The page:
Campbell: Legislators' own words tell sad tale of HB477
Friday was a day of high drama on Utah's Capitol Hill as the Legislature repealed HB477. It followed weeks of political theater surrounding a bill that would have drastically changed the landscape of Utah's records law, the Government Records Access and Management Act.
As journalism is often called, here is the first draft of history in the form of memorable quotes from Utah's great GRAMA debate of 2011:
Rep. John Dougall, R-Highland and sponsor of HB477, spoke during a last-minute House hearing:
"You may know this or you may not, but did you know that when a constituent of yours sends you an e-mail about a program and discloses to you that their child has a serious disease that that could be disclosed and put into the front page of the paper. I would suggest that constituent believes they are communicating with you in private."
Legal experts and legislative attorneys disagree about this statement. The law says that private information in legislative emails can be protected, but legislative attorneys suggest that is not the case. There will be continued debate about which position is accurate.
Dougall said this in a Senate Rules Committee hearing when responding to a question about the speed:
"I wouldn't say 'What is the rush?' but, from my perspective, 'What is the delay?' We have been working on this issue related to GRAMA for many, many years. We had a task force, we had a legislation a couple years ago. We have been working on this for many, many years.
"I believe this a process over many years. We have GRAMA in interim for year after year after year."
The only problem with Dougall's assessment is that it's hard to say the process to talk about an issue equates to development of specific policy. It's like saying the public has been talking about nuclear energy policy for 10 years and today the government agreed to allow a nuclear power plant will be built near Dougall's home in Highland. The devil is in the details.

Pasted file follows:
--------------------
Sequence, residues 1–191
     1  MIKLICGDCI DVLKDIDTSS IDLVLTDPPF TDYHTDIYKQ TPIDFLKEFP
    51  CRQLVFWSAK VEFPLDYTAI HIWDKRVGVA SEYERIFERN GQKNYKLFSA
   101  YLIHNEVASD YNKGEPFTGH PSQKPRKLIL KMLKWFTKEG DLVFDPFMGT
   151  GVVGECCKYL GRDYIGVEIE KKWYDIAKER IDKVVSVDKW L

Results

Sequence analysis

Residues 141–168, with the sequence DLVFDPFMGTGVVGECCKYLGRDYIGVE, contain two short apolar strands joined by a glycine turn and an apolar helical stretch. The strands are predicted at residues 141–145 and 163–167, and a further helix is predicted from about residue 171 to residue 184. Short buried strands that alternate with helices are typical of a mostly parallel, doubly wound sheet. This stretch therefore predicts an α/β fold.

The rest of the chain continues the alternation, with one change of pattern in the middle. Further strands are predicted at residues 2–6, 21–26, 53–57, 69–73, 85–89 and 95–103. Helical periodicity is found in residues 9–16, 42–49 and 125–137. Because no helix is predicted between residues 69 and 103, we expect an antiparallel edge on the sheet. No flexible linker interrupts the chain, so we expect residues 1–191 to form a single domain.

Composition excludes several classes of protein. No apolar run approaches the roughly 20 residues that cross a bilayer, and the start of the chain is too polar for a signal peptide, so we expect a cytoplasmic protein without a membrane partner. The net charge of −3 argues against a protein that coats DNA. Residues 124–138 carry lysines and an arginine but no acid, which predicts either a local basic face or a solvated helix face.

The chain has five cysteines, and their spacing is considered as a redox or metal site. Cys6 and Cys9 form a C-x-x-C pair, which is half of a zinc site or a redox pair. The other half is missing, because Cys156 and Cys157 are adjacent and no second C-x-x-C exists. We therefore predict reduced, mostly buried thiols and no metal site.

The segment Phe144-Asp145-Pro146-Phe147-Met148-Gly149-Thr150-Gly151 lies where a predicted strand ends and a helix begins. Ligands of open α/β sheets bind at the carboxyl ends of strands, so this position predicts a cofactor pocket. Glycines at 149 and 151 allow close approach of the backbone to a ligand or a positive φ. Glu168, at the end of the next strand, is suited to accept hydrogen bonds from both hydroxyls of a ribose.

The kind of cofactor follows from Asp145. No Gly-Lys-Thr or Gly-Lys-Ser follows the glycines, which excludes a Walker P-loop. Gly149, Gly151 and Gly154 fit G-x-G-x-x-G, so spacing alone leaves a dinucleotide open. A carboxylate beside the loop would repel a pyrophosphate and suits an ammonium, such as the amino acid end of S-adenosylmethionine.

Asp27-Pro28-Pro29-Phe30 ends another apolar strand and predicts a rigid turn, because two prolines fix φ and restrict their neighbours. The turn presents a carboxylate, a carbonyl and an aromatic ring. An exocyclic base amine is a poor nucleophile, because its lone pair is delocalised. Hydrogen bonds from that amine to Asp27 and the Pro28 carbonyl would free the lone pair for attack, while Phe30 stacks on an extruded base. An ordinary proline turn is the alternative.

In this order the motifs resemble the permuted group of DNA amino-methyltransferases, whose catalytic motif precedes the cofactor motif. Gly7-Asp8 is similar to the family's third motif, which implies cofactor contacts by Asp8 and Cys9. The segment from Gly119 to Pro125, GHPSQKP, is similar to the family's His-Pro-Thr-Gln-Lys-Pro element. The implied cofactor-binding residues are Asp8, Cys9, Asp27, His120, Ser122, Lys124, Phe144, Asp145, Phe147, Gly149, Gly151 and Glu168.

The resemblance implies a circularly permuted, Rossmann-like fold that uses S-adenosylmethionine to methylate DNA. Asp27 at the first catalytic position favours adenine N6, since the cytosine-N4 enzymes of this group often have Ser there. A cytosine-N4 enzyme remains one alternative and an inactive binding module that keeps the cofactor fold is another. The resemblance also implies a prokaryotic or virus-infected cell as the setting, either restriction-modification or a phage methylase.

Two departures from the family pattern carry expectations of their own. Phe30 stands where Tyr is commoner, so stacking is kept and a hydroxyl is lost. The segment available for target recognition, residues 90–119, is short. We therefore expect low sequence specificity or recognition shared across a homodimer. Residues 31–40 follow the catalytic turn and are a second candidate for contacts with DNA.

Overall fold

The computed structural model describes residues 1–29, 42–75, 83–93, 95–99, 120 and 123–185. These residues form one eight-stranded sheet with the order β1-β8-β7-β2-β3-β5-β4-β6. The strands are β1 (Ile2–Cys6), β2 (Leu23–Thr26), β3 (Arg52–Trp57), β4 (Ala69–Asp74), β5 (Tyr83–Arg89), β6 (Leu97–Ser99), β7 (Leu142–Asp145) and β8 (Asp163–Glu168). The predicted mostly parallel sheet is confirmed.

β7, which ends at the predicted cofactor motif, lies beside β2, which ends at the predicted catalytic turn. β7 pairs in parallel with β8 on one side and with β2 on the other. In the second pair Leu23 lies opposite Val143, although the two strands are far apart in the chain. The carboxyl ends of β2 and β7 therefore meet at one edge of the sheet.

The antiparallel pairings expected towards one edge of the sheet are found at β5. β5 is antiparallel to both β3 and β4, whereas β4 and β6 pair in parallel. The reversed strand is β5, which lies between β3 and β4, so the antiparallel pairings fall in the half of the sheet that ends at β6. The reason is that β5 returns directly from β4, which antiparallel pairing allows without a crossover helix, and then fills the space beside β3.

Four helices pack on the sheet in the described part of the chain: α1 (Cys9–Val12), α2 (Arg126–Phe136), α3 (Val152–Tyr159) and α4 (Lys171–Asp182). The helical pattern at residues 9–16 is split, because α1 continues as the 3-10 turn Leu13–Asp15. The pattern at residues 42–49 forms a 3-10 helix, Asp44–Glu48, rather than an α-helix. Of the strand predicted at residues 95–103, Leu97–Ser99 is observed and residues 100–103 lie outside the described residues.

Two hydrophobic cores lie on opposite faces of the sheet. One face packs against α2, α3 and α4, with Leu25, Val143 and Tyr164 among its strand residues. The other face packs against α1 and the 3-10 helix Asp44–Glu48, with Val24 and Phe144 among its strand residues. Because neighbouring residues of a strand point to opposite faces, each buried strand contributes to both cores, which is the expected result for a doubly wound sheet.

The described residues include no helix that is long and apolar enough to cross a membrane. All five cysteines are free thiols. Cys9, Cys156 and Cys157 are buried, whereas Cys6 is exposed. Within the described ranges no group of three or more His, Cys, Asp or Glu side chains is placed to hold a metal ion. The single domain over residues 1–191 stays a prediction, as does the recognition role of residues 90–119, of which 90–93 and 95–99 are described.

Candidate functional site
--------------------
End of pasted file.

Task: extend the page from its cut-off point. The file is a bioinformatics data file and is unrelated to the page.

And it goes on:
On the other hand, Senate President Michael Waddoups, R-Taylorsville, had this to say about why HB477 was rushed through in a matter of days:
"Nobody likes to do this in an election year. â¦ So now is the time."
He also said: "We want to do it today. It will complicate matters if it has a weekend to fester."
Sen. Lyle Hillyard, R-Logan, said this on the Senate floor after the Senate Rules Committee hearing:
"I felt a great deal of sorrow for the people who testified against the bill who were lay people. They didn't know what the bill said. Everything they complained about taking away from the law in Utah is still in the law. This does not change those provisions. I felt sorry because all they probably knew is what they read in the paper and heard on the news. We have not made the large draconian changes you have heard in the news."
Former Sen. Chris Buttars, R-West Jordan, who voted against HB477, said on the Senate floor he was concerned with the speed at which it moved. "I don't like this type of thing at the end of a session. I've seen it before; I hate it. If this is such a good thing, let it be aired and have some time."
Obviously, legislative leaders underestimated the way the public would respond to this news of the quick repeal. Of course, many lawmakers, even on Friday, wanted to blame the media as the "over the top" messenger in the debate.
In the end, lawmakers should give up their focus on media bashing and focus on who really matters in this debate â their constituents and transparent government.
Joel Campbell is a former reporter and current associate professor of communications at Brigham Young University. His reporting does not necessarily reflect the views of BYU. He writes on First Amendment and open-government issues for The Tribune.